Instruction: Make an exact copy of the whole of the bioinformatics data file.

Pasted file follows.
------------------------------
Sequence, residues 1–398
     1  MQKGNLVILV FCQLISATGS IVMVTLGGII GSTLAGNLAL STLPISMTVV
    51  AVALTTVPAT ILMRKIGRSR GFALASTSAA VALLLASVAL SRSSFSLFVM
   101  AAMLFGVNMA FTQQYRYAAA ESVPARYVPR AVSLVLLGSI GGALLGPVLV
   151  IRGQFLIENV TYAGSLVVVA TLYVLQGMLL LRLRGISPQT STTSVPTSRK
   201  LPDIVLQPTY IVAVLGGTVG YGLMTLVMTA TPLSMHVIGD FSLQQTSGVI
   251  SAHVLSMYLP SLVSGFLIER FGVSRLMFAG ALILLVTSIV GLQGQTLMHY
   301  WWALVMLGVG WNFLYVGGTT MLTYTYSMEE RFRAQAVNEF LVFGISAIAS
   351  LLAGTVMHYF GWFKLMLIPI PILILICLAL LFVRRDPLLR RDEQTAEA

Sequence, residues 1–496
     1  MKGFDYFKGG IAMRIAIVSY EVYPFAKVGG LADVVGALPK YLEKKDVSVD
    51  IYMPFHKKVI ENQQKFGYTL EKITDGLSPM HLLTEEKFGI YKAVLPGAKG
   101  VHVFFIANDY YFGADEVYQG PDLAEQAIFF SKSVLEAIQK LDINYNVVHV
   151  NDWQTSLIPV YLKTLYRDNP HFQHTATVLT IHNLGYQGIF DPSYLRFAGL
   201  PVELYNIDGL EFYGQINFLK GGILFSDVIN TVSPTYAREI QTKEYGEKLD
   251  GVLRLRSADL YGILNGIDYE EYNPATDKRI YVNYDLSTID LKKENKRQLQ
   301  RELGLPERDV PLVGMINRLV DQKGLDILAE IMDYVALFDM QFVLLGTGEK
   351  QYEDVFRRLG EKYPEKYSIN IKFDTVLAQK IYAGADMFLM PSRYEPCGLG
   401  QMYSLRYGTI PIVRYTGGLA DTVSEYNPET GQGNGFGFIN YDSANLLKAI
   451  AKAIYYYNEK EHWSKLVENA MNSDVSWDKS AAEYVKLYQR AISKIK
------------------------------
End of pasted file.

Sequence, residues 1–398
     1  MQKGNLVILV FCQLISATGS IVMVTLGGII GSTLAGNLAL STLPISMTVV
    51  AVALTTVPAT ILMRKIGRSR GFALASTSAA VALLLASVAL SRSSFSLFVM
   101  AAMLFGVNMA FTQQYRYAAA ESVPARYVPR AVSLVLLGSI GGALLGPVLV
   151  IRGQFLIENV TYAGSLVVVA TLYVLQGMLL LRLRGISPQT STTSVPTSRK
   201  LPDIVLQPTY IVAVLGGTVG YGLMTLVMTA TPLSMHVIGD FSLQQTSGVI
   251  SAHVLSMYLP SLVSGFLIER FGVSRLMFAG ALILLVTSIV GLQGQTLMHY
   301  WWALVMLGVG WNFLYVGGTT MLTYTYSMEE RFRAQAVNEF LVFGISAIAS
   351  LLAGTVMHYF GWFKLMLIPI PILILICLAL LFVRRDPLLR RDEQTAEA

Sequence, residues 1–496
     1  MKGFDYFKGG IAMRIAIVSY EVYPFAKVGG LADVVGALPK YLEKKDVSVD
    51  IYMPFHKKVI ENQQKFGYTL EKITDGLSPM HLLTEEKFGI YKAVLPGAKG
   101  VHVFFIANDY YFGADEVYQG PDLAEQAIFF SKSVLEAIQK LDINYNVVHV
   151  NDWQTSLIPV YLKTLYRDNP HFQHTATVLT IHNLGYQGIF DPSYLRFAGL
   201  PVELYNIDGL EFYGQINFLK GGILFSDVIN TVSPTYAREI QTKEYGEKLD
   251  GVLRLRSADL YGILNGIDYE EYNPATDKRI YVNYDLSTID LKKENKRQLQ
   301  RELGLPERDV PLVGMINRLV DQKGLDILAE IMDYVALFDM QFVLLGTGEK
   351  QYEDVFRRLG EKYPEKYSIN IKFDTVLAQK IYAGADMFLM PSRYEPCGLG
   401  QMYSLRYGTI PIVRYTGGLA DTVSEYNPET GQGNGFGFIN YDSANLLKAI
   451  AKAIYYYNEK EHWSKLVENA MNSDVSWDKS AAEYVKLYQR AISKIK